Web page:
Former Minneapolis cop who held back bystanders during George Floyd’s murder found guilty

On Monday, a county judge in Minnesota found former Minneapolis policeman Tou Thao guilty of aiding and abetting second-degree manslaughter in the killing of George Floyd by fellow officer Derek Chauvin in May 2020.

Then Minneapolis police officer Tou Thao at the scene where George Floyd died at the hands of former police officer Derek Chauvin, on May 25, 2020 [AP Photo/Court TV]

In a 177-page ruling, Judge Peter A. Cahill filed a judgment with the Fourth District Court of Hennepin County, Minnesota, on May 1 stating that the defendant “is hereby convicted” and found “guilty beyond a reasonable doubt” because he “actively encouraged” the deadly treatment of Floyd by his three fellow officers, Chauvin, J. Alexander Kueng and Thomas Lane.

The ruling describes in detail the now-familiar scene of the murder in front of Cup Foods at 38th and Chicago in south Minneapolis on May 25, 2020, which sparked mass protests against police violence across the US and internationally.

The three other officers “forcibly restrained Floyd prone on the unyielding concrete of Chicago Avenue for almost nine and a half minutes: Chauvin pressed his left knee onto the back of Floyd’s neck and his right knee into Floyd’s side, mid torso; Kueng knelt on Floyd’s lower back and held his arms (which had been handcuffed) behind his back; Lane restrained Floyd’s legs.”

Judge Cahill writes that overwhelming evidence “proves that Tou Thao aided and abetted manslaughter in the second degree” by “holding back concerned bystanders, declining to render aid to Floyd, and not permitting any of the bystanders to render medical aid to Floyd…”

The guilty ruling also reviews the fact that Thao was not a rookie officer but a veteran of nearly a decade on the Minneapolis police force. Judge Cahill wrote that Thao “knew that the officers’ prone restrain could kill,” yet he made, “a conscious decision to actively participate in Floyd’s death.”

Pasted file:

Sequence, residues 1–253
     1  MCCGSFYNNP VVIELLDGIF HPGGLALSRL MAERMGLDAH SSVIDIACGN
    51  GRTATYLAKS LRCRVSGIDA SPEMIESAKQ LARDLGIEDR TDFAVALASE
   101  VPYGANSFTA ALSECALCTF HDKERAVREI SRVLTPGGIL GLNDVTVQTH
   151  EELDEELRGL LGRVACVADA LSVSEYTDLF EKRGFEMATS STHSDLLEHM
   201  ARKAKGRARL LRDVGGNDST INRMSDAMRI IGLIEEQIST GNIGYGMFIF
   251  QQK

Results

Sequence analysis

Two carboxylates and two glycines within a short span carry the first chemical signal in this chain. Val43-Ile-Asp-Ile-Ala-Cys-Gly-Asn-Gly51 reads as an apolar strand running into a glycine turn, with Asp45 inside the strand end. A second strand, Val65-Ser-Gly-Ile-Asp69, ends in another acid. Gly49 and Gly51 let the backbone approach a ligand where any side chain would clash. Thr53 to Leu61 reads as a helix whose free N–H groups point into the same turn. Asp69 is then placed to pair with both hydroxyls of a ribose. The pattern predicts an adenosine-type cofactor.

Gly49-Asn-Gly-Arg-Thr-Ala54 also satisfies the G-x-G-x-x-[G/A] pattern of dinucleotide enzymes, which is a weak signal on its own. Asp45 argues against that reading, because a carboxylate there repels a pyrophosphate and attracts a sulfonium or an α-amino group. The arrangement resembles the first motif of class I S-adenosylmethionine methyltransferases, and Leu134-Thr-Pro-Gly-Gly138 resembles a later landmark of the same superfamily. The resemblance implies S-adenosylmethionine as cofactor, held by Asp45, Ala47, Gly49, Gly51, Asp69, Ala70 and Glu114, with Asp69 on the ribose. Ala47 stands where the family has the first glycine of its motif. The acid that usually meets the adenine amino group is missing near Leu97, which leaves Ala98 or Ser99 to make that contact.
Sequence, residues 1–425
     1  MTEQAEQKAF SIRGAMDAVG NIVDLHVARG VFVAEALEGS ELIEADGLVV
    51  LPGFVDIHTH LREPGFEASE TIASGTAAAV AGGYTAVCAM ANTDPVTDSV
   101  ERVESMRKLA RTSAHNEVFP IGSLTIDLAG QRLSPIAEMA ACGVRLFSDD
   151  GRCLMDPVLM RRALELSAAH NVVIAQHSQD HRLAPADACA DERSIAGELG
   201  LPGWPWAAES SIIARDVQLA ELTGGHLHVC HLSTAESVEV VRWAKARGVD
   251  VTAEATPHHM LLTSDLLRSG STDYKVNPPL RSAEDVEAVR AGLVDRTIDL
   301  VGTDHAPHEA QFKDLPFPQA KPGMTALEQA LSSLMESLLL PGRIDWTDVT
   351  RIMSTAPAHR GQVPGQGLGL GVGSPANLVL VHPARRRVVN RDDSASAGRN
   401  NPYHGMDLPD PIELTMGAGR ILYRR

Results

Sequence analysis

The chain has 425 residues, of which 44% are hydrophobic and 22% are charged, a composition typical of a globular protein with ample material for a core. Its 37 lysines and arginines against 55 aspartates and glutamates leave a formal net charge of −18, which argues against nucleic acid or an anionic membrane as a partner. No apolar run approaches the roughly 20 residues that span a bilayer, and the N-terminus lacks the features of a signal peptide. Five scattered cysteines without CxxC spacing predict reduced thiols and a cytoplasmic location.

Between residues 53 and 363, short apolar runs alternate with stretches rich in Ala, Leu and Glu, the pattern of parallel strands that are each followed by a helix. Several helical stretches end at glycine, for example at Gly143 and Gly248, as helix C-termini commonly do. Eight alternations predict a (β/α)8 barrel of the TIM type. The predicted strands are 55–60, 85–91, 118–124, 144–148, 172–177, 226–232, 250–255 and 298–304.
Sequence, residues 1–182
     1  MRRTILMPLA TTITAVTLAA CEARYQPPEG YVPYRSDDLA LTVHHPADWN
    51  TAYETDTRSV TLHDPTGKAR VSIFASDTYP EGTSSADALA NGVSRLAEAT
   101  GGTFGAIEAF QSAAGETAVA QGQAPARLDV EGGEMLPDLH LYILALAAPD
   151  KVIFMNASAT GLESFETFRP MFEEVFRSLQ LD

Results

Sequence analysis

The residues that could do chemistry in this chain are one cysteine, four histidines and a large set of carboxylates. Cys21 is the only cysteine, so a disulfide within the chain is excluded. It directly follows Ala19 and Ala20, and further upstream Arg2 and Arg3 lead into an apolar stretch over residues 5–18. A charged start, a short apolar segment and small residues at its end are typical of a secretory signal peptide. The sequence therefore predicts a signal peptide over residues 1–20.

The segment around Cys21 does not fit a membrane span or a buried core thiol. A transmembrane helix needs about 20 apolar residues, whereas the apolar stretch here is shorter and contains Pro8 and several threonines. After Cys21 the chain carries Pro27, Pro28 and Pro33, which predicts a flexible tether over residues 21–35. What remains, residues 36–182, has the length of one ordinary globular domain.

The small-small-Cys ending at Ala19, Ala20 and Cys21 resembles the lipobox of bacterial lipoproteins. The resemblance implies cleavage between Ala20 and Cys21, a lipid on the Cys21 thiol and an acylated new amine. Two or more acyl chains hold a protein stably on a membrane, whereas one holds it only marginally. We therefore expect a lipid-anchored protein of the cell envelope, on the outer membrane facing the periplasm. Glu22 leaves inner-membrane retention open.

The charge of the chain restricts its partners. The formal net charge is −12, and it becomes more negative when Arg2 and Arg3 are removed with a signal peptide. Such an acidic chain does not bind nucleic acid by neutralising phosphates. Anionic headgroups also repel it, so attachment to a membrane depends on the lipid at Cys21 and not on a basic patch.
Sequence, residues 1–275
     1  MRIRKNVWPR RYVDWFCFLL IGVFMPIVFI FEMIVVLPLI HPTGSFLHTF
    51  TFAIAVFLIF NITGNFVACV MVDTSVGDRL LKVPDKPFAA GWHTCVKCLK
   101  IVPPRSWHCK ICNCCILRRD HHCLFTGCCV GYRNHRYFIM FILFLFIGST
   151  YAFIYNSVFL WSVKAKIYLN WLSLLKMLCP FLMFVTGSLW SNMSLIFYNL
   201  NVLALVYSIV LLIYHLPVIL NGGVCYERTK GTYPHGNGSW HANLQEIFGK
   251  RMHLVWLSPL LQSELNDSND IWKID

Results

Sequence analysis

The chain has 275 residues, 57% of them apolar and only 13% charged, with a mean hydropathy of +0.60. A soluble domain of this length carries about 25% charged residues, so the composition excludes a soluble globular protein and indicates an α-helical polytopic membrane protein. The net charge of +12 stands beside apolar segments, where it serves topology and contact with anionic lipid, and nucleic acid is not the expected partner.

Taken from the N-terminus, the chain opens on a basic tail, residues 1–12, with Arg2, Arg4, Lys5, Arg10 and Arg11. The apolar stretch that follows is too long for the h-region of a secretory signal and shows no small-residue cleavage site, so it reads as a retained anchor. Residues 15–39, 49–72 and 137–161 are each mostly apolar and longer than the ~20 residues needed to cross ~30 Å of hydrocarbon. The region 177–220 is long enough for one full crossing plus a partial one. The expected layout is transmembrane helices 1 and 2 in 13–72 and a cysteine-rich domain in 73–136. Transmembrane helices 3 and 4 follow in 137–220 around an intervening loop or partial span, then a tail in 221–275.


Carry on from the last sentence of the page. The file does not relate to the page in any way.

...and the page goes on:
Thao pleaded not guilty to the charges and his case was decided by a judge because he waived his right to a jury trial in an unusual process in which the defense and the prosecution jointly present a set of agreed upon facts. By asking Judge Cahill to determine his guilt or innocence, Thao also gave up his right to testify in his own defense and also to cross-examine and question witnesses.

Thao’s attorney, Robert Paule, argued that the former officer believed that Floyd was experiencing excited delirium, an unscientific diagnosis that is often cited in cases when people die in police custody. In his submission to the court, Paule wrote, “Thao was taught that people in these highly agitated states are extremely dangerous to themselves and others, unless they are restrained until they are sedated.”

Anyone who watches the smartphone video by Darnella Frazier, the 17 year old who recorded the nearly 10 minutes in which the officers extinguished Floyd’s life, can see for themselves the behavior of Thao toward those who wanted to stop the killing from taking place. He threatened to mace any of the bystanders who came forward at the scene to attempt to rescue Floyd as he cried out for his mother and said he could not breathe.

Frazier is the first bystander witness included in Judge Cahill’s decision. She was 18 at the time she testified during the Chauvin trial. The ruling says, “Frazier also testified that she felt ‘threatened by the police officers,’ noting specifically that any of the bystanders attempted to approach the officers to assist Floyd, Chauvin and Thao pulled out mace, warning them to stay back.”

The other witnesses—Alyssa Funari, Kaylynn Gilbert, Shawanda Hill and Donald Williams—corroborated the facts as told by Frazier. In the case of Williams, he repeatedly referred to Thao as a “bum” for refusing to act in the face of “an increasingly dire situation.”

While Thao pleaded not guilty to the charges against him, Kueng pleaded guilty to state manslaughter charges in October and Lane pleaded guilty in May to state charges of aiding and abetting. They were also charged with violating Floyd’s constitutional rights and were convicted in February 2022 in federal court. Both are serving concurrent sentences of between two-and-a-half and three-and-a-half years in prison.

Chauvin pleaded not guilty to state second and third degree murder and second degree manslaughter charges and was found guilty by a Minnesota jury in April 2021. He was sentenced to 22½ years in prison. In December 2021, Chauvin pleaded guilty to federal charges of violating Floyd’s rights and was given another sentence of 21 years. The two sentences are being served concurrently and Chauvin could be released from prison as early as 2038. He is currently being held in federal prison in Tucson, Arizona.

Thao, 34, is currently serving a three-and-a-half-year federal sentence for failing to provide medical help to George Floyd and for failing to stop Chauvin. His sentencing hearing on the state conviction in scheduled for August 7.

The mixed ethnicity of the former Minneapolis officers—Kueng is black, Thao is Asian of Hmong descent and Lane and Chauvin are white—who have now all been convicted for both state and federal crimes in the police murder of African American George Floyd is an exposure of the essential falsehood of the position that police violence in America is always and primarily a matter of white cops against black victims.